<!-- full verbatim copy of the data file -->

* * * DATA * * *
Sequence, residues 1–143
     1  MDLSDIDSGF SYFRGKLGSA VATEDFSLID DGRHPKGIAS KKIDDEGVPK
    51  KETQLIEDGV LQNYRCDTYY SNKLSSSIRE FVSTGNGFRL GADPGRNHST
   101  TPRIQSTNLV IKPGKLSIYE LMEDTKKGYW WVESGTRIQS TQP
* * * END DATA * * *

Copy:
Sequence, residues 1–143
     1  MDLSDIDSGF SYFRGKLGSA VATEDFSLID DGRHPKGIAS KKIDDEGVPK
    51  KETQLIEDGV LQNYRCDTYY SNKLSSSIRE FVSTGNGFRL GADPGRNHST
   101  TPRIQSTNLV IKPGKLSIYE LMEDTKKGYW WVESGTRIQS TQP